Tuesday, July 24, 2012


My best attempt at a succinct review: The Gaslight Anthem's first album on a major record label (Mercury) is a triumph. Handwritten immediately met my expectations upon first listen. Musically it's not vastly different from their signature blue-collar heartland punk rock sound of The '59 Sound and American Slang, but there are quite a few curve-balls thrown in to keep things interesting. This music is made for the live stage. The freshness has far from worn off, and if there's one thing that keeps me coming back over and over again, it's Brian Fallon's songwriting. Simply incredible. He's put some of his most personal stuff down -- I loved what he did with the Horrible Crowes Elsie last year, but these new lyrics blow it miles out of the water. There's a lot of breaking down of walls between him and his demons. 

1. 45
It sets the tone of the album just right. A mission statement. A very 'mainstream rock' sound; and one that harks back to the ferocity of the more edgy songs off their debut, Sink Or Swim. It's always awesome when there's a lyrical marriage of music records and human relationships.

2. Handwritten
One of the best songs Gaslight has ever done. Period. I've never heard Brian sound so 'old' and 'worn out' before; I love it. It's like he's aged ten years or something. Emotionally this song just kills me every time I listen. And the music video brings it right home -- I never thought it could be interpreted that way. Wanna hear the best "ooohhhh" chants in a Gaslight song? It's right here.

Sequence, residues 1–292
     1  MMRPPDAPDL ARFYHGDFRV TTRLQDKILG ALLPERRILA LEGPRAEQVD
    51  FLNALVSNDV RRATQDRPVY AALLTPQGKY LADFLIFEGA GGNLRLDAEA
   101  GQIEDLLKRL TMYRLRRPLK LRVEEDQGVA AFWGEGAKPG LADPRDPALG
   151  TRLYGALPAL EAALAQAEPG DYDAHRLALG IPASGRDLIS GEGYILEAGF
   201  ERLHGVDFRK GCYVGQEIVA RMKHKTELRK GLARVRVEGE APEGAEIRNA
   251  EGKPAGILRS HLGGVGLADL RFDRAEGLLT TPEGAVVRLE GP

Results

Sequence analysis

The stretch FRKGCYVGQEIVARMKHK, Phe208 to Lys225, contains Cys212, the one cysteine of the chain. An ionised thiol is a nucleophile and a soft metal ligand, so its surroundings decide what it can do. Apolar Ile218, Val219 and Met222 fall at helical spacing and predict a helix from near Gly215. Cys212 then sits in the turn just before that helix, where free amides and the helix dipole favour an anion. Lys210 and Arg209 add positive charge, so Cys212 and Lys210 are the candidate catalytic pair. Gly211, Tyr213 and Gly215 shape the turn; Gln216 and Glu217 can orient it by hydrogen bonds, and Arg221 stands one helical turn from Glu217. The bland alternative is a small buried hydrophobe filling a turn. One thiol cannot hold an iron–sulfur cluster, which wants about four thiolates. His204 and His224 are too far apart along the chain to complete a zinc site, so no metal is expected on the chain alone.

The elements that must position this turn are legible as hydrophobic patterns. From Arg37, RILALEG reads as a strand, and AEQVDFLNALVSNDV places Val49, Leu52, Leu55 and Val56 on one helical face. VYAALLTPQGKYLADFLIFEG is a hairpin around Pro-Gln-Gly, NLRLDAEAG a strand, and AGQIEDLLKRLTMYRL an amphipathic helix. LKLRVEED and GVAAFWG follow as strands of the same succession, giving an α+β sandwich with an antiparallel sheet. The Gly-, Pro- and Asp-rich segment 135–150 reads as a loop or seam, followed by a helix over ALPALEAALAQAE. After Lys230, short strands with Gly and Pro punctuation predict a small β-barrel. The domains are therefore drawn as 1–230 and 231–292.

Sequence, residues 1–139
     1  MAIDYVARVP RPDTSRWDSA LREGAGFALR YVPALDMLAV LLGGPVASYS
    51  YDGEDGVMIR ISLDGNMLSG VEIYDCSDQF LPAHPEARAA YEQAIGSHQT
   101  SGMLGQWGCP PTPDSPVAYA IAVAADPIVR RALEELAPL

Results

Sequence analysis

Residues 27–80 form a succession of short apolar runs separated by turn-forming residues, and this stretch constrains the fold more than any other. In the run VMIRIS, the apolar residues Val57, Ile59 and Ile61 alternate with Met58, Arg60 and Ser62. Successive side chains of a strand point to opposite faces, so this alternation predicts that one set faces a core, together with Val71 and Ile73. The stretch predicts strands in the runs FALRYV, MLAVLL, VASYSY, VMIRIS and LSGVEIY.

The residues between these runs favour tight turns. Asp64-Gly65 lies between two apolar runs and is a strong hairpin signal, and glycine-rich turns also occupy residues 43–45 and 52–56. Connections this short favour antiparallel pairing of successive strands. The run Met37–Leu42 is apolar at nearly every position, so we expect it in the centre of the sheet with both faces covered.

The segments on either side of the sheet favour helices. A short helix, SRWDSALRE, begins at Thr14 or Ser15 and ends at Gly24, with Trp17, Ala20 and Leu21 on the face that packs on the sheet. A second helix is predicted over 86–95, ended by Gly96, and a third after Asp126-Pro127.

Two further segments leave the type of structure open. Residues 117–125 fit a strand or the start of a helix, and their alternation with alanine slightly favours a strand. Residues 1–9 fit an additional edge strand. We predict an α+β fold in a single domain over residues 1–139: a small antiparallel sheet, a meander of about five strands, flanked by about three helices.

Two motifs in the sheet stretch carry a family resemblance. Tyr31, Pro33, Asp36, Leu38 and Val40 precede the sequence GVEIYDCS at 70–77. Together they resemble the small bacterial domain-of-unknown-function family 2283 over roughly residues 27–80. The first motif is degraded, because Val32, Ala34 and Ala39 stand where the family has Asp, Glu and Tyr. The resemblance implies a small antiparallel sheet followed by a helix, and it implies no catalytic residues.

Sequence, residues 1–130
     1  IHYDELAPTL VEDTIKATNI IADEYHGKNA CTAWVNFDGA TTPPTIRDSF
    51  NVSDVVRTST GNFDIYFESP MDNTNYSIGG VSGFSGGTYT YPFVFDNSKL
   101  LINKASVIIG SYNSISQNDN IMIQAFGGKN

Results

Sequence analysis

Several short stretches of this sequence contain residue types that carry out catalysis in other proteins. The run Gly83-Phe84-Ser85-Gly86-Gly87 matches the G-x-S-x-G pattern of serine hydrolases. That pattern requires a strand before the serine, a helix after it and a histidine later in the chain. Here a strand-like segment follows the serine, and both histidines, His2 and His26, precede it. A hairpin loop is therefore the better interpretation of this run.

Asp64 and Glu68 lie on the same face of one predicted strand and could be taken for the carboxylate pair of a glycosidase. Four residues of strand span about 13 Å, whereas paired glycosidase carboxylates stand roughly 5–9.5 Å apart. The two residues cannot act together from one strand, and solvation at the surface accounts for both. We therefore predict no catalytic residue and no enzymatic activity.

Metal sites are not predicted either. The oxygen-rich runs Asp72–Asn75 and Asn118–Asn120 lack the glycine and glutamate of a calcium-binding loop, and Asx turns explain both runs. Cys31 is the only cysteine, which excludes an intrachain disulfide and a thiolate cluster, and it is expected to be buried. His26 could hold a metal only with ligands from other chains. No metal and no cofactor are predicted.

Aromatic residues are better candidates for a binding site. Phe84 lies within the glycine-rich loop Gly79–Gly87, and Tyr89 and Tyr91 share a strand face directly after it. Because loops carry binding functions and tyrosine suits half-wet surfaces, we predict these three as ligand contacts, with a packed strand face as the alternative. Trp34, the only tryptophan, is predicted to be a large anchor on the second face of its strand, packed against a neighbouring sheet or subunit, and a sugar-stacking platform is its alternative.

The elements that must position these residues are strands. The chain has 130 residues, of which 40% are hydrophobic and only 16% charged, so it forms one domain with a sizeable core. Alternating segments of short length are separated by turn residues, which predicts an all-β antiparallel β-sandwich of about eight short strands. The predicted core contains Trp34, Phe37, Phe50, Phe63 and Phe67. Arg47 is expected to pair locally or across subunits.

"I’m in love with the way you're in love with the night/ And it travels from heart to limb to pen" What a line.

3. Here Comes My Man
You could say it's nothing like what they've done previously. Motown-inspired instrumentation, driven by a Rickenbacker. There's a Phil Spector-cum-garage rock quality to it. Gaslight songs have always been very 'manly', but for the first time, Brian sings from the perspective of a heartbroken female. It's not that big of a deal right, singing for the opposite sex. But here, Brian manages to pulls it off perfectly. There's so much soul in his voice. Great outtro to boot.
Never mind what you think, never mind what you like/
I'll take it out to the streets for somebody else to admire

4. Mulholland Drive
Another amazing one. Brian is apparently a fan of the movie of the same name. This probably has nothing to do with the David Lynch classic, but I can't help but think of the two female leads. I think it features the longest guitar solo so far by Alex Rosamilia, who has improved tremendously since American Slang. He's kinda got his own unique style now.

5. Keepsake
By now it's pretty obvious which direction the band is heading towards. Everything is bigger, more arena-rock, more catchy. But the music still retains that 'down to earth' quality. Brian sings about the absence of his father during his childhood years. No matter how much you can't relate to the lyrics, the song's never impersonal. He writes and sings as if you lived and breathed those words.

6. Too Much Blood